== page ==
"Sausages are the second biggest source of food contamination and food poisoning, secondly only to home-canned food products. Ground and moist meat is held inside of the sausage casing and given proper conditions can lead to sausage poisoning. Without proper development conditions, C. botulinum bacteria lay low in a spore form, and can remain dormant for years. To grow, these bacteria require a slightly acidic, oxygen free environment that is warm (40-120F) and moist, which is exactly what happens when we make our own meats, especially the smoked ones."

Question: do you check the temperature of the sausage on your pizza before serving it? Do you check the temperature of your refrigerator where you store the sausage? Can you guarantee the meat you just bought to grind was stored properly? Do you sterilize all your cutting boards, knives, bowls, and grinding/stuffing attachments? The botulism toxin is denatured at 185F. However, staphylococcus toxin denatures at 240F. It only makes sense to keep on the safe side of food preparation.

FYI...commercially, ground beef (hamburger) is the biggest offender of food poisoning. Note that nitrates/nitrites are NOT used in ground beef.
« Last Edit: August 16, 2012, 01:15:40 PM by OTRChef »

Offline Chicago Bob

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Re: Aurelios Pizza Perfected!
« Reply #43 on: August 16, 2012, 12:53:21 PM »
I think that what jb, and myself included, are interested in is whether we need to be adding more chemicals to home made sausage if it is going straight into a freezer.Your reference article(thanks) seems to be addressing only other types of meat.
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Offline OTRChef

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Re: Aurelios Pizza Perfected!
« Reply #44 on: August 16, 2012, 01:19:02 PM »
I think that what jb, and myself included, are interested in is whether we need to be adding more chemicals to home made sausage if it is going straight into a freezer.Your reference article(thanks) seems to be addressing only other types of meat.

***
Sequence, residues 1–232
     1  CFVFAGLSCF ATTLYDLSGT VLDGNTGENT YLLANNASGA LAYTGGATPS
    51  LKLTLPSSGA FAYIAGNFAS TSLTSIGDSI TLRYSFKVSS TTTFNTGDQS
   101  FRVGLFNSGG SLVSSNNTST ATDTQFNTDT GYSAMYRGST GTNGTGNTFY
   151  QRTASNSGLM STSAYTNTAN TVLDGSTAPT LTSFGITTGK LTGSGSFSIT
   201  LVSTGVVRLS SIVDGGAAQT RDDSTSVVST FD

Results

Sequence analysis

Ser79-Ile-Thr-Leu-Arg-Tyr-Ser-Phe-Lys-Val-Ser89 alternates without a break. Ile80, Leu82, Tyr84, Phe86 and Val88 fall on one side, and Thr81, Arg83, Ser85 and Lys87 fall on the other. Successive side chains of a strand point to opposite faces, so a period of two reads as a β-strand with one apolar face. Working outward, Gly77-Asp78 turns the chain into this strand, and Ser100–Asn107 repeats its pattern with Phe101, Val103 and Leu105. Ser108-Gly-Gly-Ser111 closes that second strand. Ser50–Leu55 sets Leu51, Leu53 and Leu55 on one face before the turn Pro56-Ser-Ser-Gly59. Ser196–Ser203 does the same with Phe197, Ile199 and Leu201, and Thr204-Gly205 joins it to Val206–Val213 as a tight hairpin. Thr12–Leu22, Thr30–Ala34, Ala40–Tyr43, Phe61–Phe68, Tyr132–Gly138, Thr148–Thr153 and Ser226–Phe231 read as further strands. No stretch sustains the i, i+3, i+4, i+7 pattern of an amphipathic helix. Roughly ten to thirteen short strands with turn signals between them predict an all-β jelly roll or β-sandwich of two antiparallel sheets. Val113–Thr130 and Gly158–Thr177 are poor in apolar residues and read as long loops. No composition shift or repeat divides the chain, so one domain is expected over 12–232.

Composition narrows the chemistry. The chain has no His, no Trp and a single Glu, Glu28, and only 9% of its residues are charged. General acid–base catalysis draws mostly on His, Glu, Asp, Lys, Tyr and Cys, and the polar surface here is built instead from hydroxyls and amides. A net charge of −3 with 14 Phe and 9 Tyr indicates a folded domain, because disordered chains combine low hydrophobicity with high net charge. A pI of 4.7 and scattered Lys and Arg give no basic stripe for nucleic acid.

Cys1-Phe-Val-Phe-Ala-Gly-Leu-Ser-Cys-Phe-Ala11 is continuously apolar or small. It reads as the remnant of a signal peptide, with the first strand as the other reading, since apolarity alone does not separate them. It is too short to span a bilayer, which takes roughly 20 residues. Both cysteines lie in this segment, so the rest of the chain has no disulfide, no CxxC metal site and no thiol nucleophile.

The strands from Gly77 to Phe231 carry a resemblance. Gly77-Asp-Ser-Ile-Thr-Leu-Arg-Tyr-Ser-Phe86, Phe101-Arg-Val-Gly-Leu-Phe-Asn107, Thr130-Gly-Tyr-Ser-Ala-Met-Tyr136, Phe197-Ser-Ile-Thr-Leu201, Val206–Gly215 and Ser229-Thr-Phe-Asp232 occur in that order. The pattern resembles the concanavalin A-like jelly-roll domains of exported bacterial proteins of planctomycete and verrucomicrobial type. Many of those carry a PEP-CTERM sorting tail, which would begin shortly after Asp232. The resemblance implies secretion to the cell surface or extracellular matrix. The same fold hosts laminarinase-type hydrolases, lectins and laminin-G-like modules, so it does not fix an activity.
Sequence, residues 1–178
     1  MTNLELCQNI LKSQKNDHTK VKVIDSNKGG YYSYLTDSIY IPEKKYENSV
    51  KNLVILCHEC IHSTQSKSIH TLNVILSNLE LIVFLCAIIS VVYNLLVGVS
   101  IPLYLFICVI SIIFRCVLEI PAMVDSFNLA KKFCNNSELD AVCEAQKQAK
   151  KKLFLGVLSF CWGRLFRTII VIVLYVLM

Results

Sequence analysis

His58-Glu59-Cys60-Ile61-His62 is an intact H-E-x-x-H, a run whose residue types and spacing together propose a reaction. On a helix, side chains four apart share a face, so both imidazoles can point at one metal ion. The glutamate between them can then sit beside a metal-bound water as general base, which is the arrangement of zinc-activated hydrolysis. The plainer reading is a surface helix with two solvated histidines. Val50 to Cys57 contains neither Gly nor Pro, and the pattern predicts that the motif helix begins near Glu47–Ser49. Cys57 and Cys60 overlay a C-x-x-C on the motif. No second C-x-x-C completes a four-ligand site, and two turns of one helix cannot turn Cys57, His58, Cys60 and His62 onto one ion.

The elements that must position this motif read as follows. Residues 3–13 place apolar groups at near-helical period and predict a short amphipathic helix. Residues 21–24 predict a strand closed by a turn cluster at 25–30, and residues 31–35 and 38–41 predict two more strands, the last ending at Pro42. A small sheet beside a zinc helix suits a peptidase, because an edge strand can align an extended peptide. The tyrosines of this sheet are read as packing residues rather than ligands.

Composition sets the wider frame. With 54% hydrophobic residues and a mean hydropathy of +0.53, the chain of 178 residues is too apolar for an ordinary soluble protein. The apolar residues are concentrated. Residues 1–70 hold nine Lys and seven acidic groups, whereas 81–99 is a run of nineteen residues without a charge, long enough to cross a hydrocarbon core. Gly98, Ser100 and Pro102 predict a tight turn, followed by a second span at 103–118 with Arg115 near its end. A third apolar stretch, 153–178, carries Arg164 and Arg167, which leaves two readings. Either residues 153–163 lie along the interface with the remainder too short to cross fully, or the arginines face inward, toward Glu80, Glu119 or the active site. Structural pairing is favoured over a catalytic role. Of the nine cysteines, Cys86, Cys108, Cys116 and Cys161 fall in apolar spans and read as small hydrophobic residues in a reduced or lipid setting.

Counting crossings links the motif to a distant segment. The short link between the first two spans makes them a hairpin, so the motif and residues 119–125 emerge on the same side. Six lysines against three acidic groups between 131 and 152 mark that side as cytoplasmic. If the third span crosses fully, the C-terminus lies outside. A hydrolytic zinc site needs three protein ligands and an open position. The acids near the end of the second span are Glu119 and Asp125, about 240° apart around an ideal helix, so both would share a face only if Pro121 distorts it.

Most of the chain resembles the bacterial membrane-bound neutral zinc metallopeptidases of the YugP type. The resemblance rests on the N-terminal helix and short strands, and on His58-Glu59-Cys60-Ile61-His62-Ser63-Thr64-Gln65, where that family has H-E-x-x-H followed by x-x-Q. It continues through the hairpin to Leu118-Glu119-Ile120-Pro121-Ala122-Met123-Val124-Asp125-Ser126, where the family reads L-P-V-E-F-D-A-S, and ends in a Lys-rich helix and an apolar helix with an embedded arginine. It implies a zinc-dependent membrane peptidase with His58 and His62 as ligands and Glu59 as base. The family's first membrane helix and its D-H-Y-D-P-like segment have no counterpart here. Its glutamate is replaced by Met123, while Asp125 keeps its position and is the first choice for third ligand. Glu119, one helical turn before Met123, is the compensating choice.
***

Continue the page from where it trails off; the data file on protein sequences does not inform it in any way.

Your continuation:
Read the modified post above Bob.
« Last Edit: August 16, 2012, 01:23:07 PM by OTRChef »

Offline juniorballoon

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Re: Aurelios Pizza Perfected!
« Reply #45 on: August 16, 2012, 01:41:23 PM »
Read the modified post above Bob.

OTR,

I'm truly not trying to get into a "You're wrong I'm right" argument about this. I just wanted to understand what your reasoning was. Thanks for the above post as it clarifies what your goal was in adding the nitrates and nitrites. Personally I'm not concerned with botulism in fresh sausage and don't feel the need to add the extra chemicals.

As always everyone should do their own research and do what makes them comfortable, but it's my understanding it's the nitrite that inhibits the growth of botulism. Nitrates are used for longer cured meats, salami and ham, where in they break down into nitrites, like a time released cure, to inhibit botulism over a longer period.

As for the coloring and flavor enhancement the nitrites certainly play a role, but nitrates won't do much. You could use a Cure#1, which is only salt and nitrites to accomplish that goal and avoid the nitrates. Which is not to imply I think there is something terrible about eating nitrates. They're found in abundance in leafy green vegetables, and celery that we eat all the time. The issue comes when you heat nitrates to over 500 degrees where they can produce nitrosamines that have been linked to cancer. I'm also not overly worried about the big C either. My bottom line is if it's not creating flavor or safety you don't need it.

Thanks,
jb

Offline Chicago Bob

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Re: Aurelios Pizza Perfected!